a phantom of her former self,

so frail.

And he is hail

for her.

He says to her:

“Let’s not talk about the past.

Let’s not talk about the future.

Let’s just sit here and hold hands.”

And so they sat for three hours

until the darkness fell.


“Moonlight Savings Time”

I awaken to moonlight– it is that particular slant of silver that lights up the front yard at 3 AM.  What really has awakened me is my husband’s breathing.  It is labored like he has just run up a flight of stairs.  At times I awaken because I do not hear his breath and some alarm goes off in my head to check on him.  If I cannot hear him breathing I put my hand ever so lightly on his chest so as not to wake him, to see if I can feel his heart beating.  Feeling it pulsing in my hand I am reassured once more.  I am not alone in this breath-check business.  My sister-in-law confides in me that she wakes up at night to listen to my brother to see if he is still breathing.  My grade school friend says much the same.  Our husbands are relatively well.  They have diabetes, heavy smoking/drinking, and a delicate frame among them, but they are not on death’s door so far as we know.  And yet we are plagued by morbid fears.

In the wee hours of morning hobgoblins of fear loom large.  My husband’s heartbeat, a mere flutter, seems so delicate.  I am reassured that it is beating just as I am reassured that he is breathing.  But the breath itself is so fragile.  It scares me– the fragility of the breath, the fine line between breathing and the cessation of breath.

I prowl the house.  Through the bathroom skylight the stars beam brightly, offset by the shining, silver sliver of moonlight.  It will be a clear day tomorrow.  But it is already tomorrow.  It is so still my ears hum.  My husband, who knows so many interesting things, tells me the humming I hear is the sound of the nervous system.  Our bodies hold such mystery.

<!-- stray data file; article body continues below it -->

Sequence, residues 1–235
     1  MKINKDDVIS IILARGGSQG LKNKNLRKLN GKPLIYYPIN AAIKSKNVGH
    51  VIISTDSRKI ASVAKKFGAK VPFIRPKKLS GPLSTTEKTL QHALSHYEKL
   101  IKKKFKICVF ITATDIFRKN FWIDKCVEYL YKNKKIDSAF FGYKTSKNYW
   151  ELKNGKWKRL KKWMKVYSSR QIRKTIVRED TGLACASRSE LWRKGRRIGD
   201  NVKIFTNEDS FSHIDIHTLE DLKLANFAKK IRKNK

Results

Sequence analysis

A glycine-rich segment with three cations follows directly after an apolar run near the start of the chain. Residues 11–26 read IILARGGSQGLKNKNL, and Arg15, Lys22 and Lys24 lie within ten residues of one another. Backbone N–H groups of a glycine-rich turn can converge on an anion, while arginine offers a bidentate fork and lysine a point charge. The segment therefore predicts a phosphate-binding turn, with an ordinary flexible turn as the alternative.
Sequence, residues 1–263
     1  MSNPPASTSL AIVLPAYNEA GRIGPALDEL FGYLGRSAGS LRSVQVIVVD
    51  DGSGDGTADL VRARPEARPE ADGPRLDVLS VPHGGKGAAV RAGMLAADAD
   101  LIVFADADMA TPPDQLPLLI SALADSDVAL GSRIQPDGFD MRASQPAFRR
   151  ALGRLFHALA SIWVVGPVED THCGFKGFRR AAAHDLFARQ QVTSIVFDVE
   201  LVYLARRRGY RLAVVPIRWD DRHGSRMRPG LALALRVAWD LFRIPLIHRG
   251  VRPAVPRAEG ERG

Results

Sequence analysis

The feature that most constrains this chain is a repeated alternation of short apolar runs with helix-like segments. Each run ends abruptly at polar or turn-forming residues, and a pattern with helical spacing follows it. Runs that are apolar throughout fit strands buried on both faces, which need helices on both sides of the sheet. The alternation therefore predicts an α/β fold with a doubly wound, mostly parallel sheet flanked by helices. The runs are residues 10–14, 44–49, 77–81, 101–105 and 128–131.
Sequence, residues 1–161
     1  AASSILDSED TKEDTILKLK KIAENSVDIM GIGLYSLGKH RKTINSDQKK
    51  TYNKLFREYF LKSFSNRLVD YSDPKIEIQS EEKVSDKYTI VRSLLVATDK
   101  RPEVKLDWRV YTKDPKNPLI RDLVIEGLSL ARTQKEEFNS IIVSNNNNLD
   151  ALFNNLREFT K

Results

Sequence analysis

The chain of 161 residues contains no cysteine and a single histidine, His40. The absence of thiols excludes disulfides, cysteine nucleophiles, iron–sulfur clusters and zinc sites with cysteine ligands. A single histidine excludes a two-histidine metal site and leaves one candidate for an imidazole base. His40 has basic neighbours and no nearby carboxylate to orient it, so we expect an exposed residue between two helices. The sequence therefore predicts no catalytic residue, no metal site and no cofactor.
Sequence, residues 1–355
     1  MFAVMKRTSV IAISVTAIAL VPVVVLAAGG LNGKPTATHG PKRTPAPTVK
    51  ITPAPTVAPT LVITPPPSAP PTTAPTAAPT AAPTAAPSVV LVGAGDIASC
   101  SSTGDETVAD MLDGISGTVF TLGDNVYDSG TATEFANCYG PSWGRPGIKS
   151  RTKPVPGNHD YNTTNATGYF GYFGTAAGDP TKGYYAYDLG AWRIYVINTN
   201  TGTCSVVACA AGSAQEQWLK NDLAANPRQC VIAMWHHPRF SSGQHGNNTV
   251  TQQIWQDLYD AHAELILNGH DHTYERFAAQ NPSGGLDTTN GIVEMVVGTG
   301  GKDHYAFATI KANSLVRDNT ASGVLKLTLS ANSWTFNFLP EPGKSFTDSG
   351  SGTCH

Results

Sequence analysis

I look out the window, now hearing my neighbor’s dogs barking quietly.  I look for coyote thinking that is what they are barking at, but see nothing.  The moonlit grass on the lawn is an expanse of white, looking almost as if it had snowed, and the water in the marsh sparkles spangles of moonlight.  The deep woods behind are pitch dark, the home of many a creature. Nothing stirs.  It is too early for the birds.  The house across the way is always dark; it is up for sale.  And in the other direction, at this hour, no light shines in the driveway of the house down the road.

I am reminded of a line from a poem by Tagore “Faith is the bird that feels the light when the dawn is still dark.”  I am at my most faithless at 3 AM.

Along with the supreme beauty of Tagore’s thoughts, a frivolous line from an old song runs through my head, like a commercial ruining a masterpiece of film: “There ought to be a moonlight savings time…” and the line continues “so there would be more time for loving” or some such drivel—perhaps meant for the piquant ting of a new fling.

I check email and surf the web to try to dispel the feeling of aloneness but it merely accentuates it. Finally, chilled, I go back to bed. An owl hoots in the distance– a reassuring sound.  My husband is breathing freely now.  His body is warm in the bed and I am filled to the brim with love for him as he lays in a heap, so trustingly in the arms of sleep.  Our marriage is an unlikely and unexpected wonder.  A seemingly endless source of ever-increasing love.  A double-edged sword, for with that love comes the terror of its loss. Death can come in an instant, at any time.  We live our lives in daily denial of how vulnerable and powerless we all are.

Perhaps the only control we have is over our own thoughts.  I score low in that department.  Perhaps all wives check their husbands for breathing.  Perhaps there is an army of women out there prowling the wee hours of the night, at times by moonlight, checking on their husbands, their children, their animals to see that they all have that breath of life still flowing.

“There ought to be a moonlight savings time…”  I thank God, at such times, there is not.

(Click http://www.independentauthornetwork.com/ellen-stockdale-wolfe.html  for information on, and to purchase my Bipolar/Asperger’s memoir.)